After the long queue at the ferry, parking adventures, and the long walk around the old town, we reach the designated campsite late in the evening. The campsites of Estonia – clean, woody, well organized – are possibly the most Scandinavian thing about this country, aspiring so desperately to be counted among the Nordics that it even considered changing its flag to include the Nordic Cross. We stay in Haapsalu, a small sea-side town sprawled around a needlessly large castle, again consisting of quaint wooden villas, only even more run-down.

We pass through an idyllic, rural landscape: golden fields, ready for harvest, flocks of storks following the tractors, dense northern forests; a ferry takes us to the larger of two Estonian islands, Saaremaa – or “Osilia”, as it was known in the history books I used to learn from. Judging by the brand names in Estonia’s supermarkets, this big piece of land – second largest in the Baltic, twice as big as the Isle of Man – is the country’s granary, much like Aland is for Finland (they even make similar, dark and sweet bread). It’s very sparsely populated, and filled with fields, bogs and forests, apart from the capital town of Kuressaare, another settlement grown around a huge castle. Saaremaa was one of the most fought-over bits of the Baltic coast, so the castle defending its shores is also among the most impressive ones.

We searched for somewhere to buy the famous local produce, and found a small kiosk just in front of the castle gates; a definite instant favourite were the fruit waters, made from diluted buckthorne, red currant and quince, with no sugar or sweetener – the most perfect thirst-quenchers this side of Pocari Sweat.

There are more reasons to visit Saaremaa, not least of which is its curious geology. Although due to the change in weather and poor roads we could not get to the Silurian cliffs on the western and northern coast, we did get to see its most unique attraction, the Kaali meteoric crater, a 100m wide hole in the ground (despite the passage of years, it sill remains distinctly crater-shaped), a remainder of the most spectacular, and most recent meteorite to have hit Europe’s mainland. It struck the earth with the power of two Hiroshima bombs, at some point between 700 BC and 2000 BC, and since the area was at the time already inhabited, the explosion had left a substantial impact in the sagas and legends of the North. The Finnish Kalevala describes it thusly:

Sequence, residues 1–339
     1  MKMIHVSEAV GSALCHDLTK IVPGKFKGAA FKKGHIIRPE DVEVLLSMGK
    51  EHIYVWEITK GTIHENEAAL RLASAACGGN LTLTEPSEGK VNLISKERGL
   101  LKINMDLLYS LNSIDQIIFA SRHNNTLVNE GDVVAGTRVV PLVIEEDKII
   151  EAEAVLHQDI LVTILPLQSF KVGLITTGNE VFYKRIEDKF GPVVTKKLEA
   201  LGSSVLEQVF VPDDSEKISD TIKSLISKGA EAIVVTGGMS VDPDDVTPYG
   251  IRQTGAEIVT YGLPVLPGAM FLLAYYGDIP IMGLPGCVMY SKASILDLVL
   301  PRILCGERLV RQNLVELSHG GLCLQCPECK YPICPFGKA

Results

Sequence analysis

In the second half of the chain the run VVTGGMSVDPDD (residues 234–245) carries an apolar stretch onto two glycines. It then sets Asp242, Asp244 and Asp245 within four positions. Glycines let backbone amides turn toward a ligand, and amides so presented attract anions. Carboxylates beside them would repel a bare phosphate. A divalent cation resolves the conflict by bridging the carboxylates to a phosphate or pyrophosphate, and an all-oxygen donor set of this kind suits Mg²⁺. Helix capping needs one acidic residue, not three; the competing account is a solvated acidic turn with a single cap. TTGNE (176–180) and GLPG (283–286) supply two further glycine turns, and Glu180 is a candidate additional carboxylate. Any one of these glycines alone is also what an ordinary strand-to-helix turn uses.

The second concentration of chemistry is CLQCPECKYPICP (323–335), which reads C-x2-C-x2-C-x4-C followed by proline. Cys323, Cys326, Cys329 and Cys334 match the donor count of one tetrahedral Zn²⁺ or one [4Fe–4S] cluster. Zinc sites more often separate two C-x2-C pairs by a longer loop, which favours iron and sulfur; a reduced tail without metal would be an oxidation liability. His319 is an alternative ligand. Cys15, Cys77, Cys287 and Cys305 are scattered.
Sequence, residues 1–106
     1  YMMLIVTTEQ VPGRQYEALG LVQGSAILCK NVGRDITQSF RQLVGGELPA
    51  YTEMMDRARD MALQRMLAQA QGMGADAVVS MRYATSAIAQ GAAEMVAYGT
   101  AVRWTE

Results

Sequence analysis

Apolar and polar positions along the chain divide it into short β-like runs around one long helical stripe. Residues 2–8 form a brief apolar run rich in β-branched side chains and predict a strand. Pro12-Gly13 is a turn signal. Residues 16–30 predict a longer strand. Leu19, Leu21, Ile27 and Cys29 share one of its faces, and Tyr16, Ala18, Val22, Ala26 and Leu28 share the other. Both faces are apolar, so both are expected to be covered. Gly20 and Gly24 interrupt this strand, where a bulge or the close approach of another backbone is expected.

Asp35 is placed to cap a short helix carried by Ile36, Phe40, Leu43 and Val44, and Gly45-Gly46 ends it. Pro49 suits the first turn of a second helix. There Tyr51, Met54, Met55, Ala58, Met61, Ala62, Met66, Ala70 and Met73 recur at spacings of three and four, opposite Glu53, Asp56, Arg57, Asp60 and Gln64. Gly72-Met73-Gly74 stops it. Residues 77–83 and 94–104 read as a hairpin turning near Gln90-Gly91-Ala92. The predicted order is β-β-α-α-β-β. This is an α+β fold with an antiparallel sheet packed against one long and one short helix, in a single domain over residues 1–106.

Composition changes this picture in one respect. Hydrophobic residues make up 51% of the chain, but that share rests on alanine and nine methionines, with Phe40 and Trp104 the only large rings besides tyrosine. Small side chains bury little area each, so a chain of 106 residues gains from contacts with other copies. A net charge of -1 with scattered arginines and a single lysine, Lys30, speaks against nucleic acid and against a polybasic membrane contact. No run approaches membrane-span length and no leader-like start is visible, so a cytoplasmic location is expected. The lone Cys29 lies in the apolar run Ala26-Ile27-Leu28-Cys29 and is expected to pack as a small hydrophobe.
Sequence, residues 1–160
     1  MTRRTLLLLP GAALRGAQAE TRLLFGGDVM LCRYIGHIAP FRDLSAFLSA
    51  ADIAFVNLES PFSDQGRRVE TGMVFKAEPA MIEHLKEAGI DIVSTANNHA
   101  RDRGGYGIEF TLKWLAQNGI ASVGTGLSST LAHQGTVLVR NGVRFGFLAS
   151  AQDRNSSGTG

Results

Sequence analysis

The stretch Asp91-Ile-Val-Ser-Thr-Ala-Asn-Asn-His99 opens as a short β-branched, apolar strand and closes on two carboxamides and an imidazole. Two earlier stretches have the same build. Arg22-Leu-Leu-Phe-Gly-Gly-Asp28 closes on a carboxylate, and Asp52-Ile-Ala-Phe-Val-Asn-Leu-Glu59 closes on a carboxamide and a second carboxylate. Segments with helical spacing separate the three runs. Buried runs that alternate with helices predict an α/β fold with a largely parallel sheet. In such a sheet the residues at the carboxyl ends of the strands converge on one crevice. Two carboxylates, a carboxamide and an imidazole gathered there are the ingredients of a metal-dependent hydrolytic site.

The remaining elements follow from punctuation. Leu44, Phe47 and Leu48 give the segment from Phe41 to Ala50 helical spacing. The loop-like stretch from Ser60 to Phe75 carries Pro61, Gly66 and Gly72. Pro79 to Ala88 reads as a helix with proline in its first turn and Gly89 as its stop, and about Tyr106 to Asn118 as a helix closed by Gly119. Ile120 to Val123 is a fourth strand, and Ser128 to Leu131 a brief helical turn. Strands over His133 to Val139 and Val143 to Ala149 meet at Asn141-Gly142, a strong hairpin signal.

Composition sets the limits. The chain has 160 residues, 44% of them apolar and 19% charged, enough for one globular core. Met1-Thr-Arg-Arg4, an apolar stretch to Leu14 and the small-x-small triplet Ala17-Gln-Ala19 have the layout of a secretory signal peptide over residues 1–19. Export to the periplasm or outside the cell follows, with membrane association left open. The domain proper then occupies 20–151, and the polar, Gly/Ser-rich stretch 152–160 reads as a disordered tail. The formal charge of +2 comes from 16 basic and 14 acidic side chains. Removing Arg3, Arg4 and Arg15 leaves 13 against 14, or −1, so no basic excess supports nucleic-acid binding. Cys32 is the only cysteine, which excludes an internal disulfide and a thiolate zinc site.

Quick the heavens are burst asunder,
Quick the vault of Ukko opens,
Downward drops the wayward Fire-child,
Downward quick the red-ball rushes,
Shoots across the arch of heaven,
Hisses through the startled cloudlets,
Flashes through the troubled welkin,
Through nine starry vaults of ether.

We drive down to Parnu for our last stop in Estonia; it boasts being the second largest city in the western half of the country, but that doesn’t really mean anything – at 40,000 people, and rather run-down with age and neglect, it looks like any old county town in the east of Europe; there’s one nice street, lined with a mish-mash of old wooden and brick buildings, one round tower remaining of the city walls, and a leafy promenade running towards the beach, but you’ll find most locals hang around a spiffy new shopping mall housed in old harbour warehouse.

Just before the border of Latvia, we settle for the night on the coast of Baltic; this is a familiar sea now, very much like the Polish coast – sandy beach, pine forest covering low dunes, and a dazzling bright sunset.

Kaali Crater

Kaali Crater

Parnu Red Tower

Parnu Red Tower

Baltic Sunset

Baltic Sunset

Day 86-89 Melting Away

Helsinki

Helsinki

When it comes to travel and sightseeing, being scorched by the sun is better than being cold, wet, and blown away, but only marginally so – especially in a country which is so unused to that kind of weather. And of course, our car fares worse in anything but ideal conditions; the heat affects the mechanical and the electric systems just as badly as last year’s rains.

Still, mustn’t grumble! We plod on, stopping once in a while to cool down ourselves and the engine. One of these stops is in the town of Hamina – or Fredrikshamn, as the GPS insists, having suddenly switched to Swedish placenames. “Hamina” means simply “harbour” in Finnish, but the town is a former fortress rather than a cosy marina. Built on a spider-web’s grid, it’s refreshingly pretty, clean and organized after the chaos of Vyborg.